See update note at bottom
Until today, the Jewish Orthodox Feminist Alliance (JOFA) of north America* was a member of the SRE Network (Safety, Respect and Equity). SRE was created in response to the #MeToo movement to promote collaboration and funding for fighting sex abuse and harassment in the North American Jewish world by bringing concerned organizations together to create common standards and collaborate in other ways including access to funding.
Yesterday, JOFA was on the SRE website as an affiliate. With no explanation, they are not on the listing today. Hmm!
Rabbi Lipa (Leopold) Margulies died and Yeshiva World News ran the headline: “Petira of HaRav Chanaya Yom Tov Lipa Margulies ZT”L”
Normally, like any decent Jew I don’t believe in saying bad things about a niftar on the day of his levaya and kevurah. After all, even a man hanged by beis din is not left out unburied. But nowhere does it say that we call that man a tzadik. If we start calling criminals tzadikim, the kovod of real tzadikim is cheapened.
Some will say, but wasn’t he a marbitz torah? Didn’t his Yeshiva Torah Temimah provide a fine chinuch for many children from Flatbush and beyond. And yes, for some it did. But for others it was a torture chamber. The torturer was Rabbi Yehuda Kolko and the chamber master who allowed it was Lipa Margulies.
Dovid Weinberger recently moved back into West Lawrence some two years after his abrupt departure from his position as rabbi of Congregation Shaaray Tefila in Lawrence, NY.
He quit in the wake of revelations that he was sexually exploiting women who sought his help for various kinds of counseling including marital counseling.
According to local sources some of the same rabbis who forced him to agree to quit the rabbinate, and publicly denounced him, are now divided about whether to advise their communities publicly.
In December 2013 he promised to stay totally out of the rabbinate when he signed the following statement:
To whom it may concern, I Rabbi Dovid Weinberger, formerly the Rabbi of Cong. Shaarei Tefilla of Lawrence, NY, do hereby acknowledge that I will retire from the Rabbinate effective immediately, and will never again serve in the capacity of Rov or Rabbi of any congregation or community, nor will I ever again be involved as a mechanech [teacher] in any venue of Chinuch [education]. Continue reading
On August 14, 2015 the New York Times reported that ISIS was implementing a theology justifying the rape of non-believers and had a systematic program to separate them out and sell them to its followers. The opening of the Times article shocked me.
In the moments before he raped the 12-year-old girl, the Islamic State fighter took the time to explain that what he was about to do was not a sin. Because the preteen girl practiced a religion other than Islam, the Quran not only gave him the right to rape her — it condoned and encouraged it, he insisted.
He bound her hands and gagged her. Then he knelt beside the bed and prostrated himself in prayer before getting on top of her.
When it was over, he knelt to pray again, bookending the rape with acts of religious devotion.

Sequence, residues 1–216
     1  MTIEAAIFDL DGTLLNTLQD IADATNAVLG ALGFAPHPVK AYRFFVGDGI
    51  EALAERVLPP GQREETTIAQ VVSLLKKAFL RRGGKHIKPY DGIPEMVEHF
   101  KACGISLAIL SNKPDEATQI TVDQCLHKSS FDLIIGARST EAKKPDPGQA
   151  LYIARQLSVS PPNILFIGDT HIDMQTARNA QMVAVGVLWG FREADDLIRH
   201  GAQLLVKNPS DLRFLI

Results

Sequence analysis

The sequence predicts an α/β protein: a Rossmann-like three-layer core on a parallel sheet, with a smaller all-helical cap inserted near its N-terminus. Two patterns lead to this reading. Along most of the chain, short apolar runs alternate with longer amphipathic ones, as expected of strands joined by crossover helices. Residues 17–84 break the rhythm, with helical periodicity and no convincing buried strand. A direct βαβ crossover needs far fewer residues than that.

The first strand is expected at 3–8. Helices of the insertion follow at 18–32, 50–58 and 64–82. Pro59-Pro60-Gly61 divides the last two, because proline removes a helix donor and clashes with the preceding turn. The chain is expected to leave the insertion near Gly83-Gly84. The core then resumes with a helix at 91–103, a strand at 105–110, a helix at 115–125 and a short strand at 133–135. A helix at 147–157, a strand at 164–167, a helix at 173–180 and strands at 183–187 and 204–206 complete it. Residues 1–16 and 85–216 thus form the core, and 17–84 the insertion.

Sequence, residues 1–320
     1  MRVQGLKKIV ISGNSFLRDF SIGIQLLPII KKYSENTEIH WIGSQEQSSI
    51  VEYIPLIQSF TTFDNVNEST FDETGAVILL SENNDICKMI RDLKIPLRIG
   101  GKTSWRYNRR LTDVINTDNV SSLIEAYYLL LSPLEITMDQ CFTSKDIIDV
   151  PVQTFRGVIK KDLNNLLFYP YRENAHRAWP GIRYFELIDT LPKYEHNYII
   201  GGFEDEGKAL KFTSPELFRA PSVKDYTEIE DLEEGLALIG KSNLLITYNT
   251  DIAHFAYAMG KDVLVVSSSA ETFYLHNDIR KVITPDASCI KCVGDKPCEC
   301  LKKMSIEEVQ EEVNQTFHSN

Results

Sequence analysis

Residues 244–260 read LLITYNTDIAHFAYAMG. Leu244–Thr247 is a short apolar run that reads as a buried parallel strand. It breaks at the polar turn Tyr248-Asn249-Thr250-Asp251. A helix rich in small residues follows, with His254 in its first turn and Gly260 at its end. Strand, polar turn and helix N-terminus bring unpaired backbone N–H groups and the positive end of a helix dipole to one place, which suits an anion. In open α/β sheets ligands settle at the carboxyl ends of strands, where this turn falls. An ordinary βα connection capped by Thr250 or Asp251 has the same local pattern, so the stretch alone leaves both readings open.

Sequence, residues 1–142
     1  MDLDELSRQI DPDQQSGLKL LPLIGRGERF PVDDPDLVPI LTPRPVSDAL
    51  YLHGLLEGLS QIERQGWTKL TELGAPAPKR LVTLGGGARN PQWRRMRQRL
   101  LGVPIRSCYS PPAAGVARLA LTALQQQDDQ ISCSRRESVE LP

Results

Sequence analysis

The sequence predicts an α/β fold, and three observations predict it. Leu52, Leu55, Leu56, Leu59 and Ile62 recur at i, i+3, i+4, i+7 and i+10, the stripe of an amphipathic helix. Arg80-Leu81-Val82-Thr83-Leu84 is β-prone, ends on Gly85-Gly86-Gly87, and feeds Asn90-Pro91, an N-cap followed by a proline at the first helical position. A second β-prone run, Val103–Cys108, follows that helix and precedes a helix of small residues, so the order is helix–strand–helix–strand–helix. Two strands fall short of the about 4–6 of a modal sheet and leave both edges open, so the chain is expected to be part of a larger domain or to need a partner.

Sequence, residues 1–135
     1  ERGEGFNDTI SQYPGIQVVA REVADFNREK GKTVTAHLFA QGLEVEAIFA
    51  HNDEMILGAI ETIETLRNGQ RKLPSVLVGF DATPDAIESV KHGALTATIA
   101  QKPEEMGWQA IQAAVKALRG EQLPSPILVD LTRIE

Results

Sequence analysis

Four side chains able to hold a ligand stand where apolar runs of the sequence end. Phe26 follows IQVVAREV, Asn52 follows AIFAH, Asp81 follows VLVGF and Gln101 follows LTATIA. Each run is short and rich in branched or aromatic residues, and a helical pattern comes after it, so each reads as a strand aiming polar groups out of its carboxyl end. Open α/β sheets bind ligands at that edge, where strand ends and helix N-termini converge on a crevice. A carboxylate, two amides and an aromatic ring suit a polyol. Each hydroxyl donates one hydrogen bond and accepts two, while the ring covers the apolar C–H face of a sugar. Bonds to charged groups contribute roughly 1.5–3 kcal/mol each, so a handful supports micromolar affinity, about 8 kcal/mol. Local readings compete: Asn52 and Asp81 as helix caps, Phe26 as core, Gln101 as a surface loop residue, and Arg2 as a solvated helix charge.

“I kept telling him it hurts — please stop,” said the girl, whose body is so small an adult could circle her waist with two hands. “He told me that according to Islam he is allowed to rape an unbeliever. He said that by raping me, he is drawing closer to God,”
Steve Maman Shaking Hands with Canadian Prime Minister Stephen Harper
What revolted some of us was just a golden opportunity for one Steve Maman, a Moroccan Jew in Montreal. The very next day, the Toronto Star reported on his solicitations for months to ransom Yazidi women from ISIS. He claimed he had already ransomed 128 of these poor victimized women and appealed for more donations to sustain his efforts. His fundraising and narrative was months-old but till then he had only gotten attention in peripheral media outlets. Continue reading
Judy Brown (aka Eishes Chayil) had this to say about sex abuse when interviewed by Sara Scribner about her new book, This Is Not a Love Story: A Memoir.
Sexual abuse was a plague in the [ultra orthodox Jewish] community… because they denied its existence, allowing pedophiles full freedom to sexually molest children.
Before I ever wrote a word of “Hush,” I had written for years in the ultra-Orthodox world. My writings were taught in their schools. Being a writer brought me readers, and they would tell me their stories. And more and more of them were about sexual abuse…
You begin to hear a pattern. Something happened… but you can’t think about it in a world where it is denied. You deny it to yourself… You just think about it as an isolated event. You think this isn’t the community. It’s just me or her or him…
This isn’t some theoretical concept. It’s young adults committing suicide one after another. It’s people who go through hellish agony trying to untangle themselves and deal with the trauma. It’s knowing that as long as you are silent there’s another person you are literally killing. For me that book [Hush] was survival. So the ugliness that it unleashed was a nightmare to deal with. It’s something that still hurts me to think about. I guess it always will.
I never thought of it in terms of an artist. It was just something that was in existence in the most brutal way and the only thing I feared more than publishing it was not publishing it.